Programming Teaches Operational Thought

Programming is as important an innovation in thought as is empiricism. Because while empiricism is but correspondent and logic is a but question of sets, programming is operational (existential).

I think the act of creating databases is about as close to philosophizing as you can come, but it involves the same problem as logic: as practiced by the discipline its logical but non-operational, and often non-correspondent.

When you combine user interfaces(human-reality), programming (operations), and databases (sets/logic), where the data structures must correspond to real world entities (empiricism), then you have covered the entire conceptual spectrum.

If we combine the correspondent, logical, and operational, we have everything but the moral. If we were to add full accounting of all transactions (full capital accounting that is: under property in toto) we would essentially create the entire spectrum of dimensions necessary for cognition.

My view is that while the blockchain method is currently too weak for this purpose, that the general theory of duplicated recursive competing ledgers provides the full accounting of TITLES (changes in ownership), and that local databases can take care of local accounting (local measures of local capital), then we would have sufficient dimensional information to produce meaningful artificial intelligences bound by the same limits as we are.

But regardless of what we do with programming itself, my objective is to teach people that the sensation of teaching a computer but having the reaction “well it should know that’s what I meant!” vs what you told it to do are two different things. And that this ‘gap’ is solved by training the mind to think operationally – existentially?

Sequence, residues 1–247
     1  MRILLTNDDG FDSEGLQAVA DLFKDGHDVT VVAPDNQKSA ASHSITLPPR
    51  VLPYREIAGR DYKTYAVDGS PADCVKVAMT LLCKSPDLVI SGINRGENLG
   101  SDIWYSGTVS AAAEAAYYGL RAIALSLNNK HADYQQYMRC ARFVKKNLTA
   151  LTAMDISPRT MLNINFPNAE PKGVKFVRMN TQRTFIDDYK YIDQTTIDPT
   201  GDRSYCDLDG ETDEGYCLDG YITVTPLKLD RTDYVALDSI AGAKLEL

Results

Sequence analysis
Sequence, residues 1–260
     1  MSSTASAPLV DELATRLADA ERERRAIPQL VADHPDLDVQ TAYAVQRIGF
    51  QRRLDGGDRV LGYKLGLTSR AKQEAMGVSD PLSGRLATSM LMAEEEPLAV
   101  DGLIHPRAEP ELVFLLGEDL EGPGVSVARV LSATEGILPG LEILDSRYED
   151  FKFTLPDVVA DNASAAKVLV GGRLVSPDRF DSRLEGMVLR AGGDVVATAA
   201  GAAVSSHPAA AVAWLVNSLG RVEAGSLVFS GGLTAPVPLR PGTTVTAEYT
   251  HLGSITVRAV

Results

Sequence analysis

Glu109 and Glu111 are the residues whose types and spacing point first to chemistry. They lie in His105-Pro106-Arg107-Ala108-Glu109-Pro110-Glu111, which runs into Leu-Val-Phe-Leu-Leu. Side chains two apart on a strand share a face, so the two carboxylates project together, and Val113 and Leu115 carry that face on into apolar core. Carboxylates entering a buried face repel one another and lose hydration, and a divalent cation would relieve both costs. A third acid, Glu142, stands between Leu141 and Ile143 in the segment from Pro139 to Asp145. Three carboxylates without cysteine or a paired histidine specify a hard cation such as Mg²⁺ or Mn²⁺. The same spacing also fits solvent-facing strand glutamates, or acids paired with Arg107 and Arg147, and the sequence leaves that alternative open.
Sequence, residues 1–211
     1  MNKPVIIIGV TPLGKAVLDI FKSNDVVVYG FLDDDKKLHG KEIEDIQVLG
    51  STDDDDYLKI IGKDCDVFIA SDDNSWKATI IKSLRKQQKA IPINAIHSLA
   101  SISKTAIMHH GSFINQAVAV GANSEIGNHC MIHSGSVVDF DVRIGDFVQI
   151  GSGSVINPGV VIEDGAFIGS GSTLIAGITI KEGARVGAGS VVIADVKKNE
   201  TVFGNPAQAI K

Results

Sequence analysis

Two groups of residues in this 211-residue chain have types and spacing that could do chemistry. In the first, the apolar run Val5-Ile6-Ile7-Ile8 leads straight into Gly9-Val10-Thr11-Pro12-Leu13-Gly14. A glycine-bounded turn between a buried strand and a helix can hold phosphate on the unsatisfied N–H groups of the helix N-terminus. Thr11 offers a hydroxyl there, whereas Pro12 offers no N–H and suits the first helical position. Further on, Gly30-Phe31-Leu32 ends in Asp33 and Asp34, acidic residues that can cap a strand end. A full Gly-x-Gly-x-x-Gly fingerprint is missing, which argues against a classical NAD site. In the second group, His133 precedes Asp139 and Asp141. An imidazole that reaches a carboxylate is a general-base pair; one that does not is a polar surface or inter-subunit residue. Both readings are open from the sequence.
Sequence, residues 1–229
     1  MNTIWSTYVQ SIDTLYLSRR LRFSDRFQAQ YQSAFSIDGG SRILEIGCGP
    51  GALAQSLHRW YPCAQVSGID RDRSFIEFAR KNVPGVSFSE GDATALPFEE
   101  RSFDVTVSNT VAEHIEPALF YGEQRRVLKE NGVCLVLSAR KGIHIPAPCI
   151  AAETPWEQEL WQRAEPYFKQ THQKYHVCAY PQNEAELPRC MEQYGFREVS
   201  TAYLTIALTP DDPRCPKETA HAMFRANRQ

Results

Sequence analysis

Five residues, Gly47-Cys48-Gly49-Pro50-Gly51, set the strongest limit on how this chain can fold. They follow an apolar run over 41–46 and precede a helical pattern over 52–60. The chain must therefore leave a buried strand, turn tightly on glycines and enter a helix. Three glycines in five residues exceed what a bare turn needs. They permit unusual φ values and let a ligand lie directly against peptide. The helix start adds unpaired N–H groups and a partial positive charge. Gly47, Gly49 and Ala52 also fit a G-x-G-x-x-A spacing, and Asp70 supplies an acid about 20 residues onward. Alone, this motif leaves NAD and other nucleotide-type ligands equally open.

Why? Because just as empiricism taught us that the information we wished to be contained in our words was not in fact there, programming or in broader terms ‘operationalism’ teaches us how little we actually know.

In other words, it teaches us humility and skepticism in our own thoughts. Or conversely, it teaches us how to test for error and deceit in others.

Is this an additional burden? Of course it is. So was scientific knowledge. So was literacy. So was numeracy. So was law and order. These are all costs. But they are not sunk costs. They are investments we make. And the investments in truth telling are always the BEST investments man has EVER made.

(Good luck trying to argue otherwise)

My strategy is to require law be written programmatically (operationally) even more so than today. Strictly constructed by the same means. This will produce an even more readable body of law, and one that can be accumulated technologically in future systems other than the human mind.

Law is very close to programming now. But we do not have all the requirements in law that are necessary for the defense of the informational commons.

If we do that, then law will be dimensionally complete (as far as I can tell). And we will be able to hold the liars at bay.

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